Are you struggling to determine the best camera settings for sunrise and sunset? Do you want to capture stunning morning and evening landscapes?
You’ve come to the right place. In this article, we’re going to explain everything you need to know about sunrise/sunset camera settings, including:
- The key aperture range for sunrise/sunset photography
- The best way to focus when shooting sunrise/sunset landscapes
- A simple technique for consistently nailing the perfect exposure
- Much, much more!
So to become a master of sunrise and sunset photography, read on, starting with a quick rundown of our favorite settings:
Best Camera Settings for Sunrise and Sunsets
- Exposure mode: Aperture Priority (AV, A)
- Aperture: f/8-f/13
- ISO: 100 (or your base value)
- Focus mode: Single-point AF
- Focus one-third into the scene
- Use back-button focus
- Focal length: 15-30mm
- Image quality: RAW
- White balance: Auto
Of course, the settings listed above won’t work in all situations – but they’ll do a great job for a majority of your sunrise and sunset landscape shots.
For a more detailed explanation of the best sunrise and sunset settings, as well as a discussion of why sunrise and sunset is so great for landscapes, continue on below.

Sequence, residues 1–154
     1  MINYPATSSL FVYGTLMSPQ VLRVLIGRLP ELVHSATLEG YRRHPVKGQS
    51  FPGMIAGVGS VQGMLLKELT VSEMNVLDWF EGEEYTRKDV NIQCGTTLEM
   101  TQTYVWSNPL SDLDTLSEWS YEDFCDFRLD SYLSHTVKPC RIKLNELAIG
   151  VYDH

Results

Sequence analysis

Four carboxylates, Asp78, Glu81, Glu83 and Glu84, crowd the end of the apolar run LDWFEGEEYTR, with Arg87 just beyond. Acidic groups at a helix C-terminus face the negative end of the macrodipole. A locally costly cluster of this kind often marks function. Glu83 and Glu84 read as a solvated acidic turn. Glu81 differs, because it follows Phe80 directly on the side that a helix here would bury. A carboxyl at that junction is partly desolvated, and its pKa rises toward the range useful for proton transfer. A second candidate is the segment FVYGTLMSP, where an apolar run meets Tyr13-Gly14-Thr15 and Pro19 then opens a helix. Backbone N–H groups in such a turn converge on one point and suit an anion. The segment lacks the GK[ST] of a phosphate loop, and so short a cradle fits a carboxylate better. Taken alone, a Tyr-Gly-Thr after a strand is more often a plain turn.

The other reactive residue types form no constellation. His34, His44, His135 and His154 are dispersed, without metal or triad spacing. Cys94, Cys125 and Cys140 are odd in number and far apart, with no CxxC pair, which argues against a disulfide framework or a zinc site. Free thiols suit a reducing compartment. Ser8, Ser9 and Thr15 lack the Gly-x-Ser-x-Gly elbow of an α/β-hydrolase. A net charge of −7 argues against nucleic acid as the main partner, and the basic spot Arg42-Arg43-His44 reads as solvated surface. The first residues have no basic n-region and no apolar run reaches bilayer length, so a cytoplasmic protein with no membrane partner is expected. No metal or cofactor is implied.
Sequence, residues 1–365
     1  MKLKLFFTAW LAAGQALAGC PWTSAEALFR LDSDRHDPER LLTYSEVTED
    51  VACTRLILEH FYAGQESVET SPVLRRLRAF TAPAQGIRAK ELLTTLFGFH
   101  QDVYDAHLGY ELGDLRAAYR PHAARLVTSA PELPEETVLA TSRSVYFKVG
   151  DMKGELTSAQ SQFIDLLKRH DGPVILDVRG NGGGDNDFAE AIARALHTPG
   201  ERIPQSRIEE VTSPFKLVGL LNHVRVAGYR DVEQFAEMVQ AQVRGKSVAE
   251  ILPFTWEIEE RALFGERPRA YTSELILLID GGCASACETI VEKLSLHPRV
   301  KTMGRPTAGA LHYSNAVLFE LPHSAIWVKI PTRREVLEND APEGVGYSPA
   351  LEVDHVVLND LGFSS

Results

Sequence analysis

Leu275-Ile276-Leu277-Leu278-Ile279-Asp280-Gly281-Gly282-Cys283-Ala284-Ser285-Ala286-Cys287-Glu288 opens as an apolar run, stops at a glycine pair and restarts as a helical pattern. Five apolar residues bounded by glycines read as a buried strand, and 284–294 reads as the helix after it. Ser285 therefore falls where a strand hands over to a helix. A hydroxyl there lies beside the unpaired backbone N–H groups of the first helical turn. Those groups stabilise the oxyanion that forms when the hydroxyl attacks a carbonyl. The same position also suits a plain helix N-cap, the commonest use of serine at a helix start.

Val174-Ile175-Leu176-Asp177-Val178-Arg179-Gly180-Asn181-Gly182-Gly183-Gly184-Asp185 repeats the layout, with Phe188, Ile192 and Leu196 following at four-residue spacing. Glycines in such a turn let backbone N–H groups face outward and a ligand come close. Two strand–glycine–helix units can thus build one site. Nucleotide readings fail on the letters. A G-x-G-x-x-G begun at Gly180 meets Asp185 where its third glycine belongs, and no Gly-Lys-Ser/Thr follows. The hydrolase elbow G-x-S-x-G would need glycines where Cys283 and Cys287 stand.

Why Sunrise and Sunset Is the Best Time for Landscape Photography
Landscape photographers love sunrise and sunset. It’s how they consistently capture beautiful, golden, dramatic images.
But why are sunrise and sunset – also known as the golden hours – so special for photography?
For one, the golden hours just look incredible, thanks to the frequent sky drama, the low sun, etc.
But the quality of early-morning and late-afternoon light is also better for photography. It has to do with the distance sunlight travels at midday versus sunrise/sunset. A midday sunbeam travels straight down, passing through around 11 miles of Earth’s atmosphere before hitting your subject. Whereas a sunrise or sunset sunbeam comes at your subject from a low angle, traveling through 200 miles of atmosphere.
This matters because the atmosphere filters and diffuses the light. While you can read more about golden hour light in another article, know that the filtering and diffusion process produces light that is both soft and warm.